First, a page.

Germany in the 16th century was a rough place. Martin Luther’s protests against the corruption of the Church sparked a long and partly successful rebellion against the spiritual and temporal authority of Rome. They also sparked smaller movements that branched off of Lutheranism to pursue their own goals. One of the earliest of these offshoot movements was Anabaptism. This new Christian sect proposed that infant baptism was invalid and that, to be truly saved, Christians must be baptised as adults. Some Anabaptists also advocated for total equality between fellow Christians and even the total abolition of property and wealth. Naturally, the Church hated these innovations, but they had their hands full with the Lutherans and the Netherlands and northern Germany became hotbeds of Anabaptism.

Renaissance Europe was a mix of large kingdoms and small principalities, dukedoms and republics. One of these was the Prince-Bishopric of Münster, a constituent state of the Holy Roman Empire. While formally under the control of the Emperor, Münster was truly ruled by Prince-Bishop Franz von Waldeck, who was exactly what he sounded like: both the prince of a territory and a bishop of the Church. He wasn’t the city’s absolute ruler, however: Münster had an elected town council, unusual for a state in that period.

Initially, the population of Münster was composed of a mix of Catholics, Lutherans and Anabaptists. By 1532, however, that balance began to change. Bernard Rothmann, an Anabaptist preacher in the city, began to rail against the Catholic Church, while Bernard Knipperdolling, a wealthy merchant with Anabaptist sympathies, used his printing press to spread Rothmann’s sermons far and wide. By 1533, the city had attracted two of what would become the century’s most charismatic and dangerous men – Jan Matthys and Jan van Leiden. Matthys and van Leiden had traveled from their homes in the Netherlands to answer Rothmann’s call for the establishment of a “New Jerusalem” in Münster: a perfect Christian society that would witness and be spared from the end of the world.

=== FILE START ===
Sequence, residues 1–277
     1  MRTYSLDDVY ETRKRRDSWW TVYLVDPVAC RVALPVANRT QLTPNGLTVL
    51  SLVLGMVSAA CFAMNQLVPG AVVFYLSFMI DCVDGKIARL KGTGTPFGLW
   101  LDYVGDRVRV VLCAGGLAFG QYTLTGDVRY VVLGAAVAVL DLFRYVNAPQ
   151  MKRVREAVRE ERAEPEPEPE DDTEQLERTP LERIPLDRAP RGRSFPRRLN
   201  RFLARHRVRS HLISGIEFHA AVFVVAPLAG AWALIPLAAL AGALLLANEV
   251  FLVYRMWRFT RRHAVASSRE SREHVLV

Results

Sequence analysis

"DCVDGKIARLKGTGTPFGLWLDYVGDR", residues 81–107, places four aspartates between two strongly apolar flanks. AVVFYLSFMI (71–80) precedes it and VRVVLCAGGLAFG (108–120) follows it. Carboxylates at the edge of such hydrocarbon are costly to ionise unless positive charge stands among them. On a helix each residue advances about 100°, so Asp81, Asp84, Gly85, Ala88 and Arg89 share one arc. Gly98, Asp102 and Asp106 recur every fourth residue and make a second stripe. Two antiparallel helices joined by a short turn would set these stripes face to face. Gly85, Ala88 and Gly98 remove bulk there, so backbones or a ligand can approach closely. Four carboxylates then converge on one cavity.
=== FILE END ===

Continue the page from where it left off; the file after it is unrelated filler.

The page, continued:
Ironically, their actions ended up bringing down deadly wrath upon Münster and its remaining inhabitants.

Matthys and his lieutenant van Leiden immediately took a considerable share of influence in the city’s affairs through their connection to Rothmann, the firebrand preacher, and Knipperdolling, the respected councilman and merchant. Together, the four initiated a religious reign of terror. They first ran new elections to the Münster city council that packed the body with Anabaptists. Matthys then shockingly urged the council to put the town’s spiritually unfit – meaning its Catholics and more moderate Protestants – to death. Knipperdolling managed to negotiate this sentence down to forced expulsion, and many of the city’s old families were subsequently thrown out without their property or belongings. These remaining assets were transferred to Münster’s new arrivals: thousands of destitute Anabaptists from the surrounding northern German and Dutch lands, attracted by Knipperdolling’s continued printing and publishing of Rothmann’s calls to action.